Will Changes in Laws Following the Gulf Oil Disaster Affect Pleasureboaters?
The cleanup effort in the Gulf is in its infancy, but Congress has already set its sights on a number of federal statutes. This time around, they are looking at the rights of people who have been harmed by the spill, rather than oil spill prevention and response. Specifically, Congress has proposed changes to the Jones Act, the Death on the High Seas Act and the Limitation of Liability Act. The bill that is currently being considered by the House of Representatives is H.R. 5503, sponsored by Rep. John Conyers of Michigan.
The Jones Act was enacted in 1920 to protect the rights of killed and injured maritime workers and their families, and to protect U.S. maritime industries from foreign competition. The proposed changes to the law will address only those portions that relate to killed and injured seamen — but we should talk a little about the foreign competition component of the Jones Act, since it has also been in the news in connection with the Gulf oil disaster.
The Jones Act requires any vessel that participates in “coastwise trade” to be constructed in the United States and manned by an American crew. Coastwise trade is the carriage of passengers or cargo from one U.S. port to another.
In connection with the Gulf oil disaster, the Obama administration has taken some heat for failing to waive the Jones Act, so that foreign boats could, theoretically, participate in the cleanup. Comparisons were made to the relief efforts that followed Hurricane Katrina, when President Bush waived the Jones Act to allow foreign commercial vessels to operate in Louisiana and Mississippi.
The comparison, however, is inappropriate. The Katrina relief efforts required vessels to operate in the waters of the various coastal cities that were affected by the hurricane, and as such they were participating in coastwise trade activities. In contrast, the Deepwater Horizon rig was 50 miles offshore when it exploded and sank. The foreign vessels that are working on the offshore cleanup activities are, therefore, not subject to the Jones Act, because they are not participating in coastwise trade.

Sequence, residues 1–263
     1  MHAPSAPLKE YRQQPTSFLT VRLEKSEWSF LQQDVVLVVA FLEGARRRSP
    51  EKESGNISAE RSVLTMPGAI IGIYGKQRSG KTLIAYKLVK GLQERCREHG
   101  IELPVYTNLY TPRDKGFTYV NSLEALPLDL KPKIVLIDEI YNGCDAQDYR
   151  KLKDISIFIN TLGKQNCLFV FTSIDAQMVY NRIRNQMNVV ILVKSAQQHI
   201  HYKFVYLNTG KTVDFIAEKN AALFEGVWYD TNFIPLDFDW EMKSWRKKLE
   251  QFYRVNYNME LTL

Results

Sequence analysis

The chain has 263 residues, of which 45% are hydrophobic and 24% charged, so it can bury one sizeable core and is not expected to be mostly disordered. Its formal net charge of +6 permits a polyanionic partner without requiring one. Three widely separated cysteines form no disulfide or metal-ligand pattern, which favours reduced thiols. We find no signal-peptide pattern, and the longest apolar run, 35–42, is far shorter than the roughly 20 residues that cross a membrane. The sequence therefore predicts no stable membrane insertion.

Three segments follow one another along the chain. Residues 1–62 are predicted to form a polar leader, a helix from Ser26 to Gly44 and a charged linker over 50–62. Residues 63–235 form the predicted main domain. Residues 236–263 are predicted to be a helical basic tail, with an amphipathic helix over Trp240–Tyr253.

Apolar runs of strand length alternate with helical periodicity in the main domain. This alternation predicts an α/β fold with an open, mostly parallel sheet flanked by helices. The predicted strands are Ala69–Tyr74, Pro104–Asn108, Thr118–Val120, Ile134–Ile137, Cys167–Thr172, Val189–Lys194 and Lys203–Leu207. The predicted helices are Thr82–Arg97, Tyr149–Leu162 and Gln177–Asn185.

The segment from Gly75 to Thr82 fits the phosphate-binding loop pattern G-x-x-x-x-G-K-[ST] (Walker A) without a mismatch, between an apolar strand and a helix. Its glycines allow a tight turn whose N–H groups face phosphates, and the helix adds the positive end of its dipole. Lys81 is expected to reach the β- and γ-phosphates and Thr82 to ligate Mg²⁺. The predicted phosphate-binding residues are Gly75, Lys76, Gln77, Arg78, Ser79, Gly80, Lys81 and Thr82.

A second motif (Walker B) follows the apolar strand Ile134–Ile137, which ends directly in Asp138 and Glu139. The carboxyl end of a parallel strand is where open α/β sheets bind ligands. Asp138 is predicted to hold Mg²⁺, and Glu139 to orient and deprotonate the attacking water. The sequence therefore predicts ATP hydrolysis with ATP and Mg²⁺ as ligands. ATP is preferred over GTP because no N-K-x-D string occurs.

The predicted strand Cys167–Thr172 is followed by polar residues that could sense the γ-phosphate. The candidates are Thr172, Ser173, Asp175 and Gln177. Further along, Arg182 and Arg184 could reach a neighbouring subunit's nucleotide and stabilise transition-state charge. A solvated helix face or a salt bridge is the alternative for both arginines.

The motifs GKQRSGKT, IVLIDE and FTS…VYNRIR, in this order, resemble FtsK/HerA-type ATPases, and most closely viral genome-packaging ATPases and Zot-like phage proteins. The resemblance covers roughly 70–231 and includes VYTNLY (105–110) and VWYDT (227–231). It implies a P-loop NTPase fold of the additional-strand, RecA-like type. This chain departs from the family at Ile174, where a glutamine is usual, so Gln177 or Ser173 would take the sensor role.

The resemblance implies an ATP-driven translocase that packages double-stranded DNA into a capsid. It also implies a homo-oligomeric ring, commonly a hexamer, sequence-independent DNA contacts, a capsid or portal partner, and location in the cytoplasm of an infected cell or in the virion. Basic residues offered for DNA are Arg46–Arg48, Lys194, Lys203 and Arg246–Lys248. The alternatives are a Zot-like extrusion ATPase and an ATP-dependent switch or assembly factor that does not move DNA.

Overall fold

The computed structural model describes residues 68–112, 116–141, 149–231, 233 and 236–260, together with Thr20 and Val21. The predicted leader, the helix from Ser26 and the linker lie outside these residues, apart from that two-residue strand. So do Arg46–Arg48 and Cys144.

As noted above, Congress has proposed changes to the Jones Act and other federal laws, but these changes do not include the foreign competition components of the Jones Act. Instead, they are looking at the provisions of these federal laws that relate to maritime accidents.
The Jones Act and the Death on the High Seas Act each provide a remedy to victims who are killed or injured at sea, and to their families. Unfortunately, the remedies available under these laws are limited to “pecuniary losses” only, which means that there can be no recovery for the victims’ pain and suffering, or for other losses that are not supported by documentation and cannot be calculated to a specific amount. This leaves the families of the 11 workers who were killed on the Deepwater Horizon rig with very little recourse against BP or the owner of the rig. The proposed changes to the Jones Act and the Death on the High Seas Act would allow for the recovery of “non-pecuniary” losses for victims of future offshore incidents.
Congress is also considering the repeal of major provisions of the Limitation of Liability Act. This law, enacted in 1851, allows a ship owner to limit its liability for losses from negligence or unseaworthiness arising without his or her privity (participation and involvement) and knowledge.
If the ship owner successfully establishes that the negligent activity was solely due to the acts of the shipboard crew, the owner may limit its financial exposure to the post-incident value of the vessel and any revenue relating to its cargo. The most famous limitation case involved Titanic, where the White Star Line unsuccessfully sought to limit its total liability to the value of the recovered lifeboats.
In connection with the Gulf oil disaster, the owner of the Deepwater Horizon rig has asked a federal judge to limit claims against it to $27 million, which is the value of the undelivered oil that was not lost in the explosion. The owner may or may not succeed in this, since it will need to establish that it was not connected to the cause of the incident — but if this law is repealed, these protections will not be available at all to owners of vessels involved in future incidents.
Our reader asked whether H.R. 5503, if passed, would have any effect on recreational boating. It may seem to be quite a stretch to link the legal fallout of the Gulf oil disaster to a 30-foot sailboat in California, but the answer is “yes.”
Consider, for example, a scenario where a boat owner allows a friend to borrow his boat, and a passenger is killed or injured aboard the boat while under the command of the friend. If the owner is not aboard at the time of the incident, he may be able to limit his financial exposure under the Limitation of Liability Act. If the act is repealed, the owner may face personal liability for the incident even though he was not responsible.
Maritime law, and maritime jurisdiction, is based upon the involvement of a vessel. A “vessel” is defined as “every description of watercraft or other artificial contrivance used, or capable of being used, as a means of transportation on water.” The definition does not reference the size of the vessel, and courts have expressly held that recreational vessels are subject to the same laws as commercial vessels.
As we have often discussed in this column, maritime legal principles have evolved over hundreds of years in the context of commercial maritime activities, but these same laws apply with equal force to the yachting community. A commercial maritime disaster thousands of miles away could easily affect the rights of a small boat owner in California.